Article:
Chinese Giant Sells Canary Wharf Office At 24% Markdown To Repay Debt
Chinese conglomerate HNA has sold 17 Columbus Courtyard for £100M, a sharp discount to the price it paid for the building just three years ago.
HNA has sold the 195K SF building in Canary Wharf to Hong Kong’s Sun Hung Kai Investment and Australia’s Macquarie for £100M, 24% less than the £131M it paid for the building in 2016, according to Asian real estate website Mingtiandi.
The building was put into receivership and listed for sale earlier this year after HNA defaulted on a loan secured against it. Savills was advising on the sale. HNA has been one of the only recent forced sellers in the London office market, where investment volumes have slowed but few investors have faced pressure to sell because the occupational market has remained steady.
HNA has been selling assets in all sectors across the globe to pay back more than $100B in debt. 17 Columbus Courtyard is let in its entirety to Credit Suisse, but the investment bank is widely expected to vacate the building. Its lease there runs until 2024.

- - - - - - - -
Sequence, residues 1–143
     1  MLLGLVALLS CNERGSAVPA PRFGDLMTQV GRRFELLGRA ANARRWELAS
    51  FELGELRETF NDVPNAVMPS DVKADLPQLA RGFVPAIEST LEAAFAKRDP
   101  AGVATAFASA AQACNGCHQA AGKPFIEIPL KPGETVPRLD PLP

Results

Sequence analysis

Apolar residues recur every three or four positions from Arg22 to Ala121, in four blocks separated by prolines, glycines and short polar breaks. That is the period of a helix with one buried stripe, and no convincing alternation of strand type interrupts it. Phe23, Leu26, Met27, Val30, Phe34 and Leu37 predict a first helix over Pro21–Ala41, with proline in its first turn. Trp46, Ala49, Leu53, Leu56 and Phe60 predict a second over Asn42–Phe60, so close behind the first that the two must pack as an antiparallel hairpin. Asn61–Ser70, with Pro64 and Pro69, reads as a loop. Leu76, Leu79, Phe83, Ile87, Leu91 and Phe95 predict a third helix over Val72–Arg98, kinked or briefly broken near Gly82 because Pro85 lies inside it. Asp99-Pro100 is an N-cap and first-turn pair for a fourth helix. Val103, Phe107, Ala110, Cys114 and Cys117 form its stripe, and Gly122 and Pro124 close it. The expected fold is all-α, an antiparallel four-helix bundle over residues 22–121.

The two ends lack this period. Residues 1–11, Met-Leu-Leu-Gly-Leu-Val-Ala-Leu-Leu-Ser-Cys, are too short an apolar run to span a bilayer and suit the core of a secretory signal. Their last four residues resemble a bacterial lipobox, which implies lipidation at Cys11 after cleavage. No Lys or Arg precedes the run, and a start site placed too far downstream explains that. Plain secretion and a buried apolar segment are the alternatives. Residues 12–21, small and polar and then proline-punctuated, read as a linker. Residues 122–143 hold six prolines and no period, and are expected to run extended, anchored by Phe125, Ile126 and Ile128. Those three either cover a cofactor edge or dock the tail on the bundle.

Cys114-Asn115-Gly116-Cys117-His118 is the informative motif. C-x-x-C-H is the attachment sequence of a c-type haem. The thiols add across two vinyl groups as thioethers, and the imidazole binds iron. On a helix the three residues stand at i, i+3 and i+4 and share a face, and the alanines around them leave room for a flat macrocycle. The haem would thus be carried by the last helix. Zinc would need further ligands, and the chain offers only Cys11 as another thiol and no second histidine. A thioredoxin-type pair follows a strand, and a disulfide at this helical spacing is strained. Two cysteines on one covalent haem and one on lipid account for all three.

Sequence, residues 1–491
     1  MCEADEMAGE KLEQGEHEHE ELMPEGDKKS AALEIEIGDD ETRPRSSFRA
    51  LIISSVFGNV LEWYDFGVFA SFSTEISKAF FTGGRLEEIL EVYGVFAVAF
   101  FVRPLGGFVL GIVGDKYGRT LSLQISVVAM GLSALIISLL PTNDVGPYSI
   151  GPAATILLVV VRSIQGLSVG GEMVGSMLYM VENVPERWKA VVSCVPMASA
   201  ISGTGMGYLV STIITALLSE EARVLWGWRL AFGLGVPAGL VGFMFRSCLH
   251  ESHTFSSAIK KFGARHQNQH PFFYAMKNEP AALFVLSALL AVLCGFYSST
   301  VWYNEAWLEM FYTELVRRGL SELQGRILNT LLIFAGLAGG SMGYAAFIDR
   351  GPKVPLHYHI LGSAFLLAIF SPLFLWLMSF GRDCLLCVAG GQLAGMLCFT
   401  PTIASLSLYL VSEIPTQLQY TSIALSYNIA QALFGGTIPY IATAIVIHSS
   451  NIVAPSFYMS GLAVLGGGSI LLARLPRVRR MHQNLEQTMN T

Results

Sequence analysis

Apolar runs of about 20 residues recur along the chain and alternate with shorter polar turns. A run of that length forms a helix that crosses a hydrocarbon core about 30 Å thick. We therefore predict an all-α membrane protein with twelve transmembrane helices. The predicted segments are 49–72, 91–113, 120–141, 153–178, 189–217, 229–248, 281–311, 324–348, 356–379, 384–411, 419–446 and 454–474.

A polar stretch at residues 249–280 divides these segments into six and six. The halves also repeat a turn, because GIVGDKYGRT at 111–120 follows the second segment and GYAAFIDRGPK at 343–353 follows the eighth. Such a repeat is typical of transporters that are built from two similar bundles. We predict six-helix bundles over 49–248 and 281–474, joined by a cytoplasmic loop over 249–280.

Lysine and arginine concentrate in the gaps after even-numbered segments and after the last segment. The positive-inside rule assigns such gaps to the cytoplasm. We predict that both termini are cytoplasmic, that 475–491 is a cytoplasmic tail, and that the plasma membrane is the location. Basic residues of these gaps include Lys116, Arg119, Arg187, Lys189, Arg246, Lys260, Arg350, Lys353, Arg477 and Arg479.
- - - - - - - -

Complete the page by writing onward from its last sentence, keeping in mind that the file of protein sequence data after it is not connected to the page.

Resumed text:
It is the second sale at a big discount that HNA has undertaken in Canary Wharf this year. It also sold 30 South Colonnade to Chinese firm Cindat Capital and Oaktree for £135M, 60% below its 2015 purchase price.
Sun Hung Kai Investments shares a provenance with Sun Hung Kai Properties, the famous Hong Kong property company, but the two companies have no formal link other than a family heritage.
HNA is one of a number of Chinese investors including Dalian Wanda and Anbang that have been selling real estate assets abroad at the suggestion of the country's central government, which wants to avoid highly leveraged companies having a destablising effect on the country's economy. It also put a stop to almost all real estate investment from mainland Chinese companies. Cindat is a rare exception.